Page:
We use a Ti/Tv-free approach to variant quality score recalibration. This approach requires an additional truth data set, and cuts the VQSLOD at given sensitivities to the truth set. It has several advantages over the Ti/Tv-targeted approach:

  • The truth sensitivity (TS) approach gives you back the novel Ti/Tv as a QC metric
  • The truth sensitivity (TS) approach is conceptual cleaner than deciding on a novel Ti/Tv target for your dataset
  • The TS approach is easier to explain and defend, as saying "I took called variants until I found 99% of my known variable sites" is easier than "I took variants until I dropped my novel Ti/Tv ratio to 2.07"

We have used hapmap 3.3 sites as the truth set (genotypes_r27_nr.b37_fwd.vcf), but other sets of high-quality (~99% truly variable in the population) sets of sites should work just as well. In our experience, with HapMap, 99% is a good threshold, as the remaining 1% of sites often exhibit unusual features like being close to indels or are actually MNPs, and so receive a low VQSLOD score.
Note that the expected Ti/Tv is still an available argument but it is only used for display purposes.


Finally, a couple of Frequently Asked Questions

- Can I use the variant quality score recalibrator with my small sequencing experiment?

This tool is expecting thousands of variant sites in order to achieve decent modeling with the Gaussian mixture model. Whole exome call sets work well, but anything smaller than that scale might run into difficulties.

One piece of advice is to turn down the number of Gaussians used during training. This can be accomplished by adding --maxGaussians 4 to your command line.

maxGaussians is the maximum number of different "clusters" (=Gaussians) of variants the program is "allowed" to try to identify. Lowering this number forces the program to group variants into a smaller number of clusters, which means there will be more variants in each cluster -- hopefully enough to satisfy the statistical requirements. Of course, this decreases the level of discrimination that you can achieve between variant profiles/error modes. It's all about trade-offs; and unfortunately if you don't have a lot of variants you can't afford to be very demanding in terms of resolution.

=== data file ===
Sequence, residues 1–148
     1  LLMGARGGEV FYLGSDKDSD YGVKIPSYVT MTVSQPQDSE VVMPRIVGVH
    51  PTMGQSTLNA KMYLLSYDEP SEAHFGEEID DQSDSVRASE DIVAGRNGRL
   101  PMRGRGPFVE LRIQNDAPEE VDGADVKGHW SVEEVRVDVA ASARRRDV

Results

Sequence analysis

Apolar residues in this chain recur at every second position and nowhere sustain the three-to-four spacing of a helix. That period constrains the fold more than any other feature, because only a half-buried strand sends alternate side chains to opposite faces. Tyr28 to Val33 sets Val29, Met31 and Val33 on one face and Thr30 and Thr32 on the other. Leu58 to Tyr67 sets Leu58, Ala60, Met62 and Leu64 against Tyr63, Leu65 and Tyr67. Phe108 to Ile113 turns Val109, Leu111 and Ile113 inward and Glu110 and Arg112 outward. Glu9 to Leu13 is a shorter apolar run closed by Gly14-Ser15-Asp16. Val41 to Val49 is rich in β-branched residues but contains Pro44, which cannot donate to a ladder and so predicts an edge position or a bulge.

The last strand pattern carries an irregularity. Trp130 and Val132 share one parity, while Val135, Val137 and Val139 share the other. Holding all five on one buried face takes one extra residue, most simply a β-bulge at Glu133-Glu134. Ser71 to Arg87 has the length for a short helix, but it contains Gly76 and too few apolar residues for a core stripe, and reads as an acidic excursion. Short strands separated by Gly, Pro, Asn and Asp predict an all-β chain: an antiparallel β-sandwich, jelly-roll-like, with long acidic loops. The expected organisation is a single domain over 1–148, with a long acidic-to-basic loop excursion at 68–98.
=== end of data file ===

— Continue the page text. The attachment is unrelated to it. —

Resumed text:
- Why don't all the plots get generated for me?

The most common problem related to this is not having Rscript accessible in your environment path. Rscript is the command line version of R that gets installed right alongside. We also make use of the ggplot2 library so please be sure to install that package as well. See the Common Problems section of the Guide for more details.

Post edited by Geraldine_VdAuwera on

Comments

  • KurtKurt Posts: 207Member ✭✭✭

    @mhernaez ,

    I would suggest starting off with removing MQ from the model. that's usually been my achilles heel when dealing with targeted capture. I've had MQRankSum bite me a couple of times (for a different reason).

  • mhernaezmhernaez StanfordPosts: 5Member

    @Kurt Thanks! I will try that.

    mikel

  • SteveLSteveL BarcelonaPosts: 25Member

    I found this sentence VERY confusing, if not wrong (I am still not 100% sure):

    The first tranche (from the bottom, with lowest values) is exceedingly specific but less sensitive, and each subsequent tranche in turn introduces additional true positive calls along with a growing number of false positive calls.

    Should it not be the first tranche from the TOP? i.e. in tranche-90 everything is considered TP (at least in this figure).

  • tommycarstensentommycarstensen United KingdomPosts: 284Member ✭✭✭

    @SteveL No, starting from "tranche-90" and going up your specificity will decrease and your sensitivity will increase. The sentence is correct.

  • SteveLSteveL BarcelonaPosts: 25Member

    Thanks @tommycarstensen - however the issue I have is that the image (immediately following paragraph with quoted sentence) on page one of this thread has the "tranche-90" at the top, so it isn't clear, to novices, what the word "bottom" refers to - also the "lowest" values, could be interpreted as tranche or the ti/tv, which unfortunately go in opposing directions. I just think it could be stated more clearly, but maybe it's just me.

    Issue · Github
    by Geraldine_VdAuwera

    Issue Number
    20
    State
    closed
    Last Updated
    Closed By
    vdauwera
  • Geraldine_VdAuweraGeraldine_VdAuwera Posts: 7,781Administrator, GATK Dev admin

    @SteveL I see what you mean, it's a fair point. We'll try to clarify.

    Geraldine Van der Auwera, PhD

  • shiroannshiroann Posts: 6Member

    Is the model better informed by using a VCF containing all the chromosomes or does the model still work efficiently when the recalibration is done per chromosome?

  • tommycarstensentommycarstensen United KingdomPosts: 284Member ✭✭✭

    @shiroann It is better to maximize the number of data points by running simultaneously across all chromosomes. That being said I think VQSR still might give reasonable results for individual chromosomes.

  • shiroannshiroann Posts: 6Member
    edited April 21